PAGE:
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SMFM Guidance – The Role of Prenatal Ultrasound and NIPT 


SMFM has released, as part of their Consult Series, a document on the role of prenatal ultrasound in the context of cfDNA screening.  The summary recommendations are as follows:

  • Negative cfDNA at 11-14 weeks: (evidence level 1B)
    • First trimester ultrasound only for NT measurement not recommended
  • Negative cfDNA and isolated ‘soft marker’: (evidence level 2B)
    • Diagnostic testing is not recommended solely for this indication
    • Describe ‘soft marker’ finding as ‘not clinically significant’ or ‘normal variant’
  • Negative 1st or 2nd trimester screen and isolated ‘soft marker’: (evidence level 2B)
    • Describe ‘soft marker’ finding as ‘not clinically significant’ or ‘normal variant’
  • Structural abnormality on ultrasound (evidence level 1A)
    • Offer diagnostic testing using microarray
  • Do not offer routine screening for microdeletions using cfDNA (evidence level 1B)

Key Points:

  • Examples of  ‘soft marker’ include echogenic intracardiac focus or choroid plexus cysts
  • ‘Isolated’ implies a single finding and the absence of any other pathology
  • If multiple ‘soft markers’ are identified
    • Refer for genetic counseling, consideration of diagnostic testing
    • prenatal risk assessment should be limited to expert centers and individuals

Levels of Evidence:

  • 1A: Strong recommendation; high-quality evidence
  • 1B: Strong recommendation; moderate-quality evidence
  • 2B: Weak recommendation; moderate-quality evidence

Learn More – Primary Sources:

SMFM Consult Series #42: The role of ultrasound in women who undergo cell-free DNA screening

ACOG Committee Opinion 682: Microarrays and Next-Generation Sequencing Technology: The Use of Advanced Genetic Diagnostic Tools in Obstetrics and Gynecology

ACOG Practice Bulletin 226: Screening for Fetal Chromosomal Abnormalities

ACOG Practice Bulletin 162: Prenatal Diagnostic Testing for Genetic Disorders

ACOG Practice Bulletin 175: Ultrasound in Pregnancy

Locate a Genetic Counselor or Genetics services:

Genetic Services Locator-ACMG

Genetic Services Locator-NSGC

Genetic Services Locator-CAGC

Practical obstetrics info for your women's healthcare practice

Nuchal Translucency – First Trimester Measurement


Nuchal translucency (NT) is a fluid-filled space normally seen behind the fetal neck on ultrasound performed in the first trimester of pregnancy

  • A precise measurement of this space is used in first trimester aneuploidy screening in combination with levels of maternal serum markers [free or total hCG and pregnancy-associated plasma protein A (PAPP-A)] to provide an adjusted risk for fetal aneuploidy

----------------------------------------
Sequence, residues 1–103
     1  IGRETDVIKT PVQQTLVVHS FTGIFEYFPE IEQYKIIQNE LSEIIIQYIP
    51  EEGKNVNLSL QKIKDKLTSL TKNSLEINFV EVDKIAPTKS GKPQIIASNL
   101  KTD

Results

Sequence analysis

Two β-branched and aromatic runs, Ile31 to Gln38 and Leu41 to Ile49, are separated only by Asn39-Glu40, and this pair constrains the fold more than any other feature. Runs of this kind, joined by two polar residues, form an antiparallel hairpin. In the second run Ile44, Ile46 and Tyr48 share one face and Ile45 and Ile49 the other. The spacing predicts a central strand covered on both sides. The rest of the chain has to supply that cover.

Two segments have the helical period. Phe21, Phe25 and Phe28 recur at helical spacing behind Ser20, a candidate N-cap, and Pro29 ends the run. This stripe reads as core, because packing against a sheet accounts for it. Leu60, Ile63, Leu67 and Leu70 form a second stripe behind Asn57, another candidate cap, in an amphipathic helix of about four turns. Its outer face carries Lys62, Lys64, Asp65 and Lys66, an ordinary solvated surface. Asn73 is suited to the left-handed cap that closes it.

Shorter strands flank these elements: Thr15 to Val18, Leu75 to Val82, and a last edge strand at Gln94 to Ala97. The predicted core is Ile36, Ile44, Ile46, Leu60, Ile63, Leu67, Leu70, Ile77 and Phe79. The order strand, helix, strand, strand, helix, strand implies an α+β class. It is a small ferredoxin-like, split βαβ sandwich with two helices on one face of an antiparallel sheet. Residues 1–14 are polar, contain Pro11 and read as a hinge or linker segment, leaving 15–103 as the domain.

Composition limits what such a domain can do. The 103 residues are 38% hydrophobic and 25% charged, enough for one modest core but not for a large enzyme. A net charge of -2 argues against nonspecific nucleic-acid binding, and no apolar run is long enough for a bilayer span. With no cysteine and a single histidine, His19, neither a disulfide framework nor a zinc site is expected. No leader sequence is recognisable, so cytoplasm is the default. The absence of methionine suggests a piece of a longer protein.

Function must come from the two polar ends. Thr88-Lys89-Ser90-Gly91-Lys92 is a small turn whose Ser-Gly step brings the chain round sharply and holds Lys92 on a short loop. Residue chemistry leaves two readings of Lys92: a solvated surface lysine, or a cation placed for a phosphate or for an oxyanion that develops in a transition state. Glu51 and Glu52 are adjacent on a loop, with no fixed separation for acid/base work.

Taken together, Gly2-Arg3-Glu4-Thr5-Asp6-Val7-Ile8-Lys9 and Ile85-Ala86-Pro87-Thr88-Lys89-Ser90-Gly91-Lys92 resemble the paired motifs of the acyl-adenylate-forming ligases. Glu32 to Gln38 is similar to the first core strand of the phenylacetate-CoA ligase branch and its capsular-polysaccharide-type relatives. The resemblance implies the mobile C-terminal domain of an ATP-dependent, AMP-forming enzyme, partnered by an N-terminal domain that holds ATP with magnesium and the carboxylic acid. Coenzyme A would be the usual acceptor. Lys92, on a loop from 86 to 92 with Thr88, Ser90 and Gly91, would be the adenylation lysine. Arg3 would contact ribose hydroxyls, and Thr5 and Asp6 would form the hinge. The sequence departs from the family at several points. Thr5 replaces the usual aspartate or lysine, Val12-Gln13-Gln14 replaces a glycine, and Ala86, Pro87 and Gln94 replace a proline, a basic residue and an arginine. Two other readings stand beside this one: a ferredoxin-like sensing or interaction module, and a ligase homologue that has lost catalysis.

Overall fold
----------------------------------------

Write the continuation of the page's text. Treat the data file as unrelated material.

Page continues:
• Measurements should be performed between 11w0d and 13w6d weeks of pregnancy
    • ISPD suggests 12 weeks may be superior because
      • Patient scheduling may be easier and fetal anatomic visualization is better compared to 11 weeks
      • Screening performance is superior compared to 13 weeks
  • Determination of whether or not a measurement is normal requires an accurate measurement of fetal size using a crown rump length (CRL) measurement
  • Programs exist for credentialing purposes to provide education and ongoing mechanism for quality review and is a necessary requirement for optimal screening performance


A fetal measurement >3.0 mm is an independent risk factor for fetal abnormalities and requires referral and further follow up

  • More commonly associated with aneuploidies such as Down syndrome and Turner syndrome, but may also be associated with other genetic syndromes, such as skeletal dysplasias
    • Larger NT may be associated with Noonan syndrome, especially in the context of other structural anomalies such as cardiac and renal findings
    • Approximately 10% risk with NT >3.0 mm and normal chromosomal complement
  • Fetal structural anomalies, including cardiac, abdominal wall and diaphragmatic defects, must be assessed by anatomical fetal ultrasound and fetal echocardiography
  • If the NT is sufficiently large to extend the length of the fetus with visible septations, this is called a ‘cystic hygroma’ and risk of aneuploidy is 50% (see ‘Related ObG Topics’ below)
  • Other genetic syndromes and structural anomalies may be present even in those with normal karyotype
    • normal outcome may be <20%
  • Refer for high risk OB consultation and genetic counseling, and consider prenatal diagnostic testing
    • ACOG guidance recommends offering invasive testing using microarray in the setting of fetal structural anomalies seen on prenatal ultrasound
  • ISUOG recommends that “Sonographic assessment and measurement of NT should be part of the screening protocol, independent of whether it is used for risk assessment for aneuploidy.”

Learn More – Primary Sources:

ACOG Practice Bulletin 226: Screening for Fetal Chromosomal Abnormalities

Fetal Medicine Foundation: Nuchal Translucency Scan

ISUOG Practice Guidelines (updated): performance of 11–14‐week ultrasound scan

Prenatal diagnostic testing of the Noonan syndrome genes in fetuses with abnormal ultrasound findings

Position Statement from the Chromosome Abnormality Screening Committee on Behalf of the Board of the International Society for Prenatal Diagnosis

Testing for Noonan Syndrome after Increased Nuchal Translucency

Locate a genetic counselor or genetics services:

Genetic Services Locator-ACMG

Genetic Services Locator-NSGC

Genetic Services Locator-CAGC

Locate a Maternal Fetal Medicine Specialist:

Maternal-Fetal Medicine Specialist Locator-SMFM